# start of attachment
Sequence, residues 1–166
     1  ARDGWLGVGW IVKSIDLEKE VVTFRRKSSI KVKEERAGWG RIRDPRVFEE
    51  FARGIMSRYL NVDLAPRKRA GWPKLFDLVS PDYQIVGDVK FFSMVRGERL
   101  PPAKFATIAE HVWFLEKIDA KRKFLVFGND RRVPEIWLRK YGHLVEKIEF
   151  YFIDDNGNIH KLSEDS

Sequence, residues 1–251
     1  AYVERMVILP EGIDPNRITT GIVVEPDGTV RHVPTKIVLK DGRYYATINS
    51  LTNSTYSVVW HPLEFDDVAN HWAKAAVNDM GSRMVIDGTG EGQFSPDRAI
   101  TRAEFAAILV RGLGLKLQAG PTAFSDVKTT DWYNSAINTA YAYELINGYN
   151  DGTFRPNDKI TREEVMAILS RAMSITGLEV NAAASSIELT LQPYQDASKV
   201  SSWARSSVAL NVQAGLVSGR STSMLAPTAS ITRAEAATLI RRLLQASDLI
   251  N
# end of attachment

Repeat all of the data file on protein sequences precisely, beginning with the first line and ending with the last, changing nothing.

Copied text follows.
Sequence, residues 1–166
     1  ARDGWLGVGW IVKSIDLEKE VVTFRRKSSI KVKEERAGWG RIRDPRVFEE
    51  FARGIMSRYL NVDLAPRKRA GWPKLFDLVS PDYQIVGDVK FFSMVRGERL
   101  PPAKFATIAE HVWFLEKIDA KRKFLVFGND RRVPEIWLRK YGHLVEKIEF
   151  YFIDDNGNIH KLSEDS

Sequence, residues 1–251
     1  AYVERMVILP EGIDPNRITT GIVVEPDGTV RHVPTKIVLK DGRYYATINS
    51  LTNSTYSVVW HPLEFDDVAN HWAKAAVNDM GSRMVIDGTG EGQFSPDRAI
   101  TRAEFAAILV RGLGLKLQAG PTAFSDVKTT DWYNSAINTA YAYELINGYN
   151  DGTFRPNDKI TREEVMAILS RAMSITGLEV NAAASSIELT LQPYQDASKV
   201  SSWARSSVAL NVQAGLVSGR STSMLAPTAS ITRAEAATLI RRLLQASDLI
   251  N